Stuck at home and wary of shops, many Kosovars rediscovered their parents’ skills at growing food in the backyard during the pandemic.
Cultivation of fruits and vegetables in gardens has throughout history been not only an agrarian activity but a way of life. With the modernization of food production and the creation of contemporary families, however, garden plots slowly disappeared as a social phenomenon.
But, during the pandemic, many colorful vegetable plots in the small corners and gardens were re-established. With the lockdown, such corners were created or recreated in backyards, which also helped many people overcome feelings of isolation.
To “break” up quarantine and to provide healthy food as a preventive measure against infection, and to avoid contact with things from outside, the Shala family from Trebovic, Peja, set up a nylon vegetable shelter in their yard.
Ever since they planted the first seeds in March 2020, the family has drawn the main source of food on their table from the “quarantine creature”, their greenhouse.
From the beginning of spring until the end of autumn, they cultivate most of the vegetables that adapt best to the continental climate of Kosovo: tomatoes, peppers, potatoes, carrots, cucumbers, onions, squash and parsley. During the winter, they are ready for use. Although it is the beginning of winter now, the Shala family greenhouse is still green and they are still picking vegetables from it.
“We were lucky to turn this isolation into something positive, to make us feel good: ten minutes spent in the greenhouse to remove ten minutes of anxiety, misinformation, conspiracy theories about the virus, the reality of the time and many other things,” Medina, one of the Shala family members, said.
Shala, who lives and works in Pristina, told BIRN that although the idea for the garden was created by her parents, the care of the plants made it easier for her to return from Pristina to Peja during full quarantine, the most stressful phase of her life.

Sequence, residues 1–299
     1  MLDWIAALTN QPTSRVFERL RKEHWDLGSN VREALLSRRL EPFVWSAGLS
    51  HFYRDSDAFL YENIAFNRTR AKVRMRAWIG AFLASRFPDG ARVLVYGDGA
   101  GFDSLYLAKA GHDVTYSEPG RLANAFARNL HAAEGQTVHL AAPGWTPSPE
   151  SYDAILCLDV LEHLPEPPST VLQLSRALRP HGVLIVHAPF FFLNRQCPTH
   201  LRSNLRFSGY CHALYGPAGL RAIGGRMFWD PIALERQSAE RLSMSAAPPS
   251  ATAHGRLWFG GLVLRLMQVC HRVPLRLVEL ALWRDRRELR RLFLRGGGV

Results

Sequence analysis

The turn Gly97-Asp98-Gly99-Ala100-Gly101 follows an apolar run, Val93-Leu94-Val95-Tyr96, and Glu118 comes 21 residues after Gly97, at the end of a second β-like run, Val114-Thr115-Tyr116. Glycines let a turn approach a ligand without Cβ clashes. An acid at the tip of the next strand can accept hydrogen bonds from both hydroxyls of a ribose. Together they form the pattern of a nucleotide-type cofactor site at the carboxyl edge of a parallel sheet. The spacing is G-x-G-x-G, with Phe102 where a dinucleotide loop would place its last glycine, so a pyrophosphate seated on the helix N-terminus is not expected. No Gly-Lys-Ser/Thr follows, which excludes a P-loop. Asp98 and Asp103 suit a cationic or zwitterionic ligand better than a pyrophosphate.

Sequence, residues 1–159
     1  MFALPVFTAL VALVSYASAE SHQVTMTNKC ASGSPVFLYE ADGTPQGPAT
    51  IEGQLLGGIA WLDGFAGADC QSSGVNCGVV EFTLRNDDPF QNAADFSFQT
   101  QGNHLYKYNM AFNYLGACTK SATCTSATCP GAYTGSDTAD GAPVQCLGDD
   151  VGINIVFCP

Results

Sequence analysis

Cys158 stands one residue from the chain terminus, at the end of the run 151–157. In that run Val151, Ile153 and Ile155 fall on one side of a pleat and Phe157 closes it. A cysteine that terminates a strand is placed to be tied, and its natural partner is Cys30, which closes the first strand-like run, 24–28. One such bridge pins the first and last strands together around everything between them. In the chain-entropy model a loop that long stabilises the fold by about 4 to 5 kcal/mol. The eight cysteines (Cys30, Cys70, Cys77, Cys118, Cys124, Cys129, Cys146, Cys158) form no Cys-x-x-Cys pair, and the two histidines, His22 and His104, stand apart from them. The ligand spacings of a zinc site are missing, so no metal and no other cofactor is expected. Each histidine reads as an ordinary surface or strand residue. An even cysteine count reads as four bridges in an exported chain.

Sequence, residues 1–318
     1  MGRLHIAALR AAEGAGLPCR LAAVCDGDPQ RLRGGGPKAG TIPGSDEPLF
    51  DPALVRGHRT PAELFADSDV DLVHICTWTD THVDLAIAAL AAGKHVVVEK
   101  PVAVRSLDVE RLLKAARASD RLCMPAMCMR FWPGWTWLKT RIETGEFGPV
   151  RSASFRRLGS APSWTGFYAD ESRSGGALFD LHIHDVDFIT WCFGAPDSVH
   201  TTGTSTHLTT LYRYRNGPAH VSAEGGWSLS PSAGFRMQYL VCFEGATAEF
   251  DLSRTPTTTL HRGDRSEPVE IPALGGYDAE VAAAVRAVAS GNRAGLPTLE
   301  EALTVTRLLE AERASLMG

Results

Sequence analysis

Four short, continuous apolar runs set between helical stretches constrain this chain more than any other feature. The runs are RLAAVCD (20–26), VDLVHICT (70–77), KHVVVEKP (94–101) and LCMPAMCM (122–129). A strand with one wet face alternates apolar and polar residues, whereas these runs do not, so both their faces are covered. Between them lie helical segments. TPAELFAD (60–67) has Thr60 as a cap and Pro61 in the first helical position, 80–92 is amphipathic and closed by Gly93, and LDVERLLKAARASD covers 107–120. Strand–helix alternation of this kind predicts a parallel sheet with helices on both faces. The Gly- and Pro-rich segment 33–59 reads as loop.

Although she now dedicates five days a week to her job in Prishtina, she continues to take care of the garden in her hometown for two days.
“I see the dedication to the garden as a very big plus in psychological terms because in a way it has protected my mental health and that of my family,” she said, expressing the satisfaction she has felt in mastering the craft and processing of homemade food.
Considering that the garden is not very big, the Shala family usually only has to take care of it in the early morning or late evening every two days, once by the whole family and once depending on who has the most free time.
They are far from alone in their rediscovery of home grown food. When the pandemic started in Kosovo, a woman from Slatina in Fushë Kosovë started reviving the craft cultivated by her grandfather.
Launched just as a hobby during the lockdown – she is a teacher by profession – 45-year-old Arjeta, not her real name, says gardening has become one of her biggest passions.
“I do not think I will stop working in the garden. It helped me get through a bad phase of life,” this woman who did not wish to disclose her real name said.
She no longer buys tomatoes in the market of Fushë Kosovë but cuts them from the greenhouse, which she takes care of herself.